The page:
Nintendo’s major visionaries are worried about the skyrocketing costs associated with creating High Definition games, and may be considering a next generation console that supports HD, but doesn’t mandate it.
Imagine if you will that this generation of the console war was an episode of American Gladiators. On the one hand, you have the Xbox 360 and PS3 – hulking brutes bulging with well-oiled muscles and dripping with testosterone-laden sweat, standing high above the floor on two tiny platforms and trying to knock each other off with those padded sticks in order to gain dominance.
Meanwhile, the scrawny-looking Wii has eschewed “The Joust” entirely, and is currently kicking ass in “Assault,” deftly diving from cover to cover while dodging a pelting rain of tennis balls. Only instead of dodging them, the Wii is letting itself get hit, because instead of tennis balls, it’s actually being shot with mountains of money.
That’s kind of the console war in a nutshell: The 360 and PS3 vying for high-definition technological dominance, while the Wii has gone off to do its own thing and has Nintendo has profited immensely. While gamers and developers alike may bemoan the system’s technological inferiority and lack of HD support in an age when everything is higher and definitionier than ever before, Nintendo has had sound reasoning to make sure that the only 1080 you’ll ever see on the Wii is followed by “Snowboarding”: Making high-definition games is goddamn expensive, since the expenses of making a game have skyrocketed, and the profits have not.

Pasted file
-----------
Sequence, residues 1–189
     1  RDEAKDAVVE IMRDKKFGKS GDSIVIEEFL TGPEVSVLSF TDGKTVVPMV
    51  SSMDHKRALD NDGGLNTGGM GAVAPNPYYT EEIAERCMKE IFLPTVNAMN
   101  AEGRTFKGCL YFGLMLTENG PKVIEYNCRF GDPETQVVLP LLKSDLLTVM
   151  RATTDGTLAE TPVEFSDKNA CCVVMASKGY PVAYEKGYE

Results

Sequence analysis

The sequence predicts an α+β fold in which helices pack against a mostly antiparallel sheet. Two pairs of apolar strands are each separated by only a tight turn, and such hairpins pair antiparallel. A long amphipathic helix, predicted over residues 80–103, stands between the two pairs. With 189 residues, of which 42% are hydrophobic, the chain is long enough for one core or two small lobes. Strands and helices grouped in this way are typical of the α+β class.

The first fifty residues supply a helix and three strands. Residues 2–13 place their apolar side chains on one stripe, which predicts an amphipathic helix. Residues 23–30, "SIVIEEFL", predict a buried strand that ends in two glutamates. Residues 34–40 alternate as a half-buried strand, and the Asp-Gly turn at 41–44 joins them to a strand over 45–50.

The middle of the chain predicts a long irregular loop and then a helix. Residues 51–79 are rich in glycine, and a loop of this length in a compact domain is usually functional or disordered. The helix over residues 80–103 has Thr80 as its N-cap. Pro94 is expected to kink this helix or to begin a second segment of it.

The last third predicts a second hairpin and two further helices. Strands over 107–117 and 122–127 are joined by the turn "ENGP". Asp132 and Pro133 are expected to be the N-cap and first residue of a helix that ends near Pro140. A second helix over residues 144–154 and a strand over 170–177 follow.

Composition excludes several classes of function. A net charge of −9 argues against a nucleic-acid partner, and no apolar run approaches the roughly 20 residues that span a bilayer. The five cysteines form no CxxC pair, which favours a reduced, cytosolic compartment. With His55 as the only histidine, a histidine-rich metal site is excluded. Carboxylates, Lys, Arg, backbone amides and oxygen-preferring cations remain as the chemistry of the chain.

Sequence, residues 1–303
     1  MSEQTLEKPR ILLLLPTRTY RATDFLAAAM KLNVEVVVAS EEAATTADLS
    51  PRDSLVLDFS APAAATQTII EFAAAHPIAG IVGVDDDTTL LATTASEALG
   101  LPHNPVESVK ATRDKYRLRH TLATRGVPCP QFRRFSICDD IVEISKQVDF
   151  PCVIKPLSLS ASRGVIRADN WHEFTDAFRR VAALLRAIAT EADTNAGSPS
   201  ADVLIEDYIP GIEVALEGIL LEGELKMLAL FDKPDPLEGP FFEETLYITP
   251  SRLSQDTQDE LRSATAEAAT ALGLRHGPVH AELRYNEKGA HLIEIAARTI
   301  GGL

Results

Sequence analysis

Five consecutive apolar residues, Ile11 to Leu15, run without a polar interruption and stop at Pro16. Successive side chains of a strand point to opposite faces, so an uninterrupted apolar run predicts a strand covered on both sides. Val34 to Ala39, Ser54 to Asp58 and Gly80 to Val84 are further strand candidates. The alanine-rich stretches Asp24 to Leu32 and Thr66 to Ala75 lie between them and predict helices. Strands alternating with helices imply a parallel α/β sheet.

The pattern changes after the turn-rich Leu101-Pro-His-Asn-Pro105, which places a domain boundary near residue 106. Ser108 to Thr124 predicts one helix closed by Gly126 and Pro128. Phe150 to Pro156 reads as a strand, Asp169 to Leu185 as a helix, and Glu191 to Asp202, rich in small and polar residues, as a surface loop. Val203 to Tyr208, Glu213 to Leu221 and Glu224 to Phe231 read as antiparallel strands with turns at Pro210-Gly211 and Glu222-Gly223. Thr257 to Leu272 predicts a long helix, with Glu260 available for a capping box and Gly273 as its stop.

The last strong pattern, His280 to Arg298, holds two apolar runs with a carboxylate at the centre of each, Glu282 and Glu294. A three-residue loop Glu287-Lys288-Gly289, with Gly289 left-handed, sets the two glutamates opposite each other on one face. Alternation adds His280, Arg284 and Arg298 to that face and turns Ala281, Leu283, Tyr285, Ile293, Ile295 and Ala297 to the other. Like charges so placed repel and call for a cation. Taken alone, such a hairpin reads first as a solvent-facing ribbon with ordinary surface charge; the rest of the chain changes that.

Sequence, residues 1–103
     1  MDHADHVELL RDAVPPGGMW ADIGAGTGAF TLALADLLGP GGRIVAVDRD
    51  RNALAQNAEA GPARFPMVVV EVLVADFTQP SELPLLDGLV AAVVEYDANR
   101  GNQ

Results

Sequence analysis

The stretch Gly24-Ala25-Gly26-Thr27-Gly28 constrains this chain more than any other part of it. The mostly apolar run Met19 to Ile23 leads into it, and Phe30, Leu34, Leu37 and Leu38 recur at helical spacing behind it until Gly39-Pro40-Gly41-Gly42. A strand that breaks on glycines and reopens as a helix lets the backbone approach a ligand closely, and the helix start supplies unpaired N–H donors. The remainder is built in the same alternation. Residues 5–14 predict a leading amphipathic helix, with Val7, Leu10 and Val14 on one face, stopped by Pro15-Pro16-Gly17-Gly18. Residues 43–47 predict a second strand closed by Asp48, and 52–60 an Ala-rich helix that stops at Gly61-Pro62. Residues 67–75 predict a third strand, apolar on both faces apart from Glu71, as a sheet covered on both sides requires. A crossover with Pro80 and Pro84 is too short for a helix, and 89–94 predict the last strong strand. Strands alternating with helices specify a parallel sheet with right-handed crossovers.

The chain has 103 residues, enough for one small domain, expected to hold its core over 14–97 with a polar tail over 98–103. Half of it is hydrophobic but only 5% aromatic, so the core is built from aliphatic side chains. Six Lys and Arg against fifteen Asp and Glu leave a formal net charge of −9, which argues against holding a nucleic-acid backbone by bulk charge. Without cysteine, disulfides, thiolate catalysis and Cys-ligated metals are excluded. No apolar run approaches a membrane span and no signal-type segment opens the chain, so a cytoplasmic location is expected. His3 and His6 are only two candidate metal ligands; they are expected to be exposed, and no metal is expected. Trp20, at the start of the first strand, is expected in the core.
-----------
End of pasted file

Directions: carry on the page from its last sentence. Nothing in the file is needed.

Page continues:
In an Investor Relations Q&A, Nintendo’s boss tech-head Genyo Takeda agreed that the progression to HD was “a natural flow,” especially since it has become increasingly ubiquitous in television programming. However, merely forcing developers to spend more and more money – and consequently take fewer and fewer risks lest they fail and go out of business – doesn’t sit right with the Nintendo bigwigs, so Takeda thinks it’s likely that the successor to the Wii will still support games made in the current Standard Definition: “If we can find out the most appropriate medium, between SD and HD, and flexibly move around them depending on the game’s contents, it will be good, I think.”
Nintendo’s Guru of Gaming Shigeru Miyamoto concurred, saying that it all depended on the style of game – what would Wii Sports have benefited for making the leap to HD? “For example, we have to ask ourselves if HD is really necessary to develop Wii Fit. Won’t HD be better for the games like Pikmin? The developers should choose the most appropriate graphical format depending on the software they make.”
It’s hard to find fault with the argument that a hybrid wouldn’t be convenient. If the Wii’s next-generation younger brother has the potential muscle under the hood to support the newest and shiniest games for the developers with assured hits on their hands, but also lets the gamemakers go SD to take risks at lower expenses, it’s kind of a “best of both worlds” situation, don’t you think?
After all, though one could certainly make the argument that the Wii is just a breeding ground for a collection of crappy minigames and lackluster ports, does anybody think we’d see bizarre risk-taking games like Katamari Damacy that are far from guaranteed to turn a profit if they cost $50 million to make?